Sloan Digital Sky Survey
Review of Observing Systems and Survey Operations
Photometric Telescope Overview
April 11, 2000
Description The Photometric Telescope calibrates transfer
fields ("Secondary Patches") observed by the 2.5 m telescope and measures
atmospheric extinction for 2.5 m calibrations.
The telescope is a commercial 20-inch Cassegrain reflector
from DFM Engineering. After adding coma correctors to expand the field to one
degree, it has the following characteristics:
Primary aperture: 20 inches
System f-ratio: f/8.8
Field diameter 1 degree
Pixel size: 1.15 arc seconds
Pointing: 15 arc seconds rms
Uncorrected tracking: 0.5 arc sec drift in 5 minutes
More information is at http://www.jhu.edu/~sdss/PT/Optics/index.html
includes a six-position filter wheel, rotating
sector shutter, flat field projector, Soric flat field screen, and
a thinned AR-coated SITe 2048x2048 CCD similar to those in the SDSS camera
and spectrograph detectors. The CCD is cooled with a mechanical refrigerator
(an APD CryoTiger) and controlled by electronics similar to those
on the SDSS imager and spectrographs. .
Commands to the
CCD, telescope, and filter/shutter controller are sent from the unix-based
observer's program ("MOP") to a terminal server in the dome. Each device is
attached to a different port on the terminal server. CCD imaging data are
returned via fiber optic directly to the custom data
acquisition system. The observing procedure is ordinary all-sky broad band photometry. The
standard star candidates (we have not yet declared a standard system) are mostly high
quality non-variables from Landolt's UBVRI lists. System magnitudes will be tied to spectrophotometry
of fundamental stars.
The system is functional.
The observer's software picks standard stars, moves the
telescope, and gathers data. During the night, the observer selects the
photometric transfer fields, monitors the sky, and checks for focus or
other problems. At the beginning and end of the night the observer obtains
calibration data (flats and biases) and opens or closes the dome.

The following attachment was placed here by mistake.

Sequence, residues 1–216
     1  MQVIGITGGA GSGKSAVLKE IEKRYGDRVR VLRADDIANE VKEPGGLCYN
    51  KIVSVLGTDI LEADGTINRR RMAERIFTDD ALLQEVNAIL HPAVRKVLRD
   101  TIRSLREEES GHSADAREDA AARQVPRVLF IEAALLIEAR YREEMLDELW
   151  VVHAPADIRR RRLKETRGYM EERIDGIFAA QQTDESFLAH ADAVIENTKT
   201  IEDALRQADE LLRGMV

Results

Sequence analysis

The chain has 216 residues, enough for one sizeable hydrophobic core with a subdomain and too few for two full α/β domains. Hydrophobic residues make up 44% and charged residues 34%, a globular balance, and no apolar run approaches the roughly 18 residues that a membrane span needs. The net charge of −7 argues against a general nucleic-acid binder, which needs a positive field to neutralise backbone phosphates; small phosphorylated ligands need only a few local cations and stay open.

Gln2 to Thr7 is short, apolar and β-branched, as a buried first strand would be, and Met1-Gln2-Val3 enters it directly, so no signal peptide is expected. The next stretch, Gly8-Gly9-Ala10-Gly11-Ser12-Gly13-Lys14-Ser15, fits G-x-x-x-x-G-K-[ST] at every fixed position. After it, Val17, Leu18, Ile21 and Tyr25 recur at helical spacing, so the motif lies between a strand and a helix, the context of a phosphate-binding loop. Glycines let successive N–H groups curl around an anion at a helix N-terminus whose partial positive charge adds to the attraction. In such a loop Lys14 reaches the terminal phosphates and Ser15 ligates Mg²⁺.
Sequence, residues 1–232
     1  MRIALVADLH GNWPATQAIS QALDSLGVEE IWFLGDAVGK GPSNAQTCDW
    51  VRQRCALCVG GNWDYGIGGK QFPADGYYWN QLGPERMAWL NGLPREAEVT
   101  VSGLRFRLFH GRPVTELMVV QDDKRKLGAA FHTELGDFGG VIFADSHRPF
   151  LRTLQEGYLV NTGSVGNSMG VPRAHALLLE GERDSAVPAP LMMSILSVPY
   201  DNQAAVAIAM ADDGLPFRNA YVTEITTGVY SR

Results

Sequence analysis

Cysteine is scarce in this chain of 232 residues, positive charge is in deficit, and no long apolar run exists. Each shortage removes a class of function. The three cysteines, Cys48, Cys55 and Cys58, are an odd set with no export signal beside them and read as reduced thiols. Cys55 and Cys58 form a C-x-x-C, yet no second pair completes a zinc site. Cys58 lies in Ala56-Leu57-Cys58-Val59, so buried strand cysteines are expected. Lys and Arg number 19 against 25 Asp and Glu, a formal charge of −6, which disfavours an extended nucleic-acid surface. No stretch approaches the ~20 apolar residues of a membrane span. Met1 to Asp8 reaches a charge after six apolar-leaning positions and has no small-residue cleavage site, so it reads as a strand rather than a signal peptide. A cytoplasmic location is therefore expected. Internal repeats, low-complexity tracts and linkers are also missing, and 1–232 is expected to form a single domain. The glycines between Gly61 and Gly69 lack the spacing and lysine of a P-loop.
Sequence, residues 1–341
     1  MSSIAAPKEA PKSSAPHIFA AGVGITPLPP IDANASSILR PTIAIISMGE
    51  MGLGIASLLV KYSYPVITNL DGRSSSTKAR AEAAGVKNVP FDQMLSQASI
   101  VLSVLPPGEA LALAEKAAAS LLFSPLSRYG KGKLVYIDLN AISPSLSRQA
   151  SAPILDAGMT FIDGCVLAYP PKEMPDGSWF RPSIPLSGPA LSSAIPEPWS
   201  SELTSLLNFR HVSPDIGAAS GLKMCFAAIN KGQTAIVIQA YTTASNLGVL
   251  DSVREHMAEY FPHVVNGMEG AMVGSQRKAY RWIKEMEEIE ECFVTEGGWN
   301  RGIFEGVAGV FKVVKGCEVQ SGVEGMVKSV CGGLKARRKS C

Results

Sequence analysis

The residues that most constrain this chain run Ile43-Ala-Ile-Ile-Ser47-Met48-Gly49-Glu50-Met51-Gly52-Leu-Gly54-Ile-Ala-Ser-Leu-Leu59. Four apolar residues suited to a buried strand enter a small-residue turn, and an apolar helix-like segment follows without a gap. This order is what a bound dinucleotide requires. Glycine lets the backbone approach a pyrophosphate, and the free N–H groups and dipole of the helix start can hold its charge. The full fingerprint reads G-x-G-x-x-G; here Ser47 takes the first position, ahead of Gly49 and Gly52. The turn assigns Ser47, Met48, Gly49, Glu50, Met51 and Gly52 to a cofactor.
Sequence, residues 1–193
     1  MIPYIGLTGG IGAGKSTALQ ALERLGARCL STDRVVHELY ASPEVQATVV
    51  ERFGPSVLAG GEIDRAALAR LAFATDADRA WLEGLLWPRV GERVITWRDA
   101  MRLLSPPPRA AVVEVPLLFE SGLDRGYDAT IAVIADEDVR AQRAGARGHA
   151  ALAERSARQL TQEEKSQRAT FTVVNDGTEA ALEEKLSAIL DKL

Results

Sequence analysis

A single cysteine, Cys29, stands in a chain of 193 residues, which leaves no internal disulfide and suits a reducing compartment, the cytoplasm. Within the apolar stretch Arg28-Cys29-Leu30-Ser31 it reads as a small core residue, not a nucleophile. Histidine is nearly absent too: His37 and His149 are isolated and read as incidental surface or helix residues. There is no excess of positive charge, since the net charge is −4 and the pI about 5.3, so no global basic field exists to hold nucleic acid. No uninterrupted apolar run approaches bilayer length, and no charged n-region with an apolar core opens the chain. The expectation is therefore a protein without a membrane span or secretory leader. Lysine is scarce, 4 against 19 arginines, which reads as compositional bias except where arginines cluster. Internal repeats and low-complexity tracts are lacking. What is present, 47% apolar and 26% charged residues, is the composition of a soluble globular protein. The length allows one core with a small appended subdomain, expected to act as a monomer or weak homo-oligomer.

Data are stored on a Unix (SGI Irix) computer until the end
of the night when they're written to tape and shipped to Fermilab for processing.
The system collects survey-quality data.
Known deficiencies against survey requirements are:
1. Observing efficiency is below the requisite one
calibration set (four pointings) per hour primarily because too much time is
needed for standard stars. The remedy will be to use sub-array readouts for
the standards, reducing the readout time overhead. The observing system (MOP)
has already been modified but the data reduction system (MTPIPE) needs to
accept the new data format. This is a deeper problem than one might expect
because the standard star identifications currently require position
confirmation from many surrounding stars (a legacy from the old 24-inch
telescope, which didn't point very well). We are developing single-star
identification procedures based on the known pointing accuracy of the 20-inch.
2. Transfer fields are currently selected by the
observer based on projected 2.5 m observing plans. Since routine observing does
not allow full-time observers, we are implementing a system (database) that the observing
software (MOP) will query to build a night's observing plan.
3. We are using a preliminary u'g'r'i'z' calibration based on
USNO 40-inch observations and it will be a few months before we will have an
"official" system declaration.
4. The staffing requirements are not known. We currently have
a crew of non-APO observers (two JHU postdocs and a LANL scientist) dedicated
to the telescope while it's in use. Within a year these observers will hand
over their duties to SDSS observing staff. Although the 20-inch probably
requires only 1/2-time attention while observing it's not obvious that frees
up 1/2-time for other work if the other work cannot be interrupted so the
staffing requirement is not known. This problem will be explored this summer
and fall when existing APO staff will be trained to take photometry data while
the 2.5 m is operating.
We expect existing equipment to last the duration
of the survey. It might be desirable to upgrade some items in the data
acquisition system (especially as spare parts become scarce) but there
is no fundamental reason to change.
1) The dome temperature can be high in the summer.
Controlling the heat will improve early evening seeing and reduce suspected
problems with lubricants and sealants at high temperatures. Adding dome
insulation and running the ventilation fan is probably a good idea.
2) Winter cold causes problems with the closed cycle
refrigerator, namely it may refuse to restart after a power failure. We plan
to install an uninterruptable power supply and also explore ways to warm the
Review of Observing Systems
and Survey Operations
Apache Point Observatory
April 25-27, 2000